Introduction 1

Electric actuators, at least the most traditional ones (direct-current machine and alternating-current machines working under Park’s assumptions), have been the subject of a very large number of scientific studies and industrial realizations, and we can consider that they are currently well understood. The control structures use the machine’s decoupling properties in both axes (direct axis for the flux and quadrature axis for the torque), and the performance and robustness of the regulators are well adapted to the system specifications.

The implementation of overlapped regulations makes it possible to control the dynamics of the main variables, magnetic flux and rotation speed (via the torque), and to create “active safety features” (instant limitations of power amplitudes for example). These controls are even more efficient as long as the designer has precise models with known parameters. In fact, controllers most often use the innermost properties of actuators. The “direct model” is derived from the physical equations of the machine. From this model a reverse model is then obtained enabling direct access to the control architecture and allowing the selection of the control algorithms, the regulators or the controller best adapted to the original specifications. Knowledge of the physical laws and parameter values is therefore a requirement.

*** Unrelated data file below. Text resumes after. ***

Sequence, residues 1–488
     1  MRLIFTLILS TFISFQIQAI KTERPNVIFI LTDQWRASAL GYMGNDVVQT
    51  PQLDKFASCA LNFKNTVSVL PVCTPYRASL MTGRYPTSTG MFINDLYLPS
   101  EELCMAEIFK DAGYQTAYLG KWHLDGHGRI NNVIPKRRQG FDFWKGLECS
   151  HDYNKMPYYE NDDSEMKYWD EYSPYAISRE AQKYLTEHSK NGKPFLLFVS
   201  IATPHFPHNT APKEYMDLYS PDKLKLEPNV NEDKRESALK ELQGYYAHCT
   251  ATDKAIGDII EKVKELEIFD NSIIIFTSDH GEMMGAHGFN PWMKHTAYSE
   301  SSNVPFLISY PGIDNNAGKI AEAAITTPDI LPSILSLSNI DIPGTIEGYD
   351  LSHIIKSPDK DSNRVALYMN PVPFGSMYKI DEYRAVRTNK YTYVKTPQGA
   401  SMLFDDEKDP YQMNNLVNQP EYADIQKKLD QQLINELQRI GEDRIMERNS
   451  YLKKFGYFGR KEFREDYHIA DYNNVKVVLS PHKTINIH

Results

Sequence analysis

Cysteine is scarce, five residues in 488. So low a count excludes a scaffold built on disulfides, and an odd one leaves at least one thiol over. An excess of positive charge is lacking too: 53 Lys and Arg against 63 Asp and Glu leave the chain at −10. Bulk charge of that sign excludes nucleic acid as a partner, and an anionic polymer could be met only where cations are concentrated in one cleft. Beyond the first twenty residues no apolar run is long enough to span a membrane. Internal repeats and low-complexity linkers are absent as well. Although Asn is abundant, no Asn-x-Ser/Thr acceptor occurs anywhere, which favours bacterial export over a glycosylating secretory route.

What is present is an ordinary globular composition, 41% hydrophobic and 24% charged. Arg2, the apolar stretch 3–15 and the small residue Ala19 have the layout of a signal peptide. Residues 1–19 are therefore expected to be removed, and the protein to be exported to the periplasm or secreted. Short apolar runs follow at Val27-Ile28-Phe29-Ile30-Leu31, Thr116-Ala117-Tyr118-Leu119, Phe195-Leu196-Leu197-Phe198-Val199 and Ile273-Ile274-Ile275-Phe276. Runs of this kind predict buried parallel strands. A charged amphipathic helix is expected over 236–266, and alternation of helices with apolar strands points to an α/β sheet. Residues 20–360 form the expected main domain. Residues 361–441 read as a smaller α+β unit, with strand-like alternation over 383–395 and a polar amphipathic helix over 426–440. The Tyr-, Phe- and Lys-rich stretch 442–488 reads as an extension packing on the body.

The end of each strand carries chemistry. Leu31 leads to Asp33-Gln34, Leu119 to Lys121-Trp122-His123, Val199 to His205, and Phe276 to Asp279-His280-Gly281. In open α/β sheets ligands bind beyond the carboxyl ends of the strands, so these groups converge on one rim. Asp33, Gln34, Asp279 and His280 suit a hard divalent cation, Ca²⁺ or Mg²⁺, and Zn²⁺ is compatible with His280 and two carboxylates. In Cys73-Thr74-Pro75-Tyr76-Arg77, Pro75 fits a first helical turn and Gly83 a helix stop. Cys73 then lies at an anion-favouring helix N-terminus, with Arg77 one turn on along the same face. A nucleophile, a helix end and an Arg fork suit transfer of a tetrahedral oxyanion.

In addition, these controls involve variables whose direct measurements cannot always be achieved such as the magnetic flux ...

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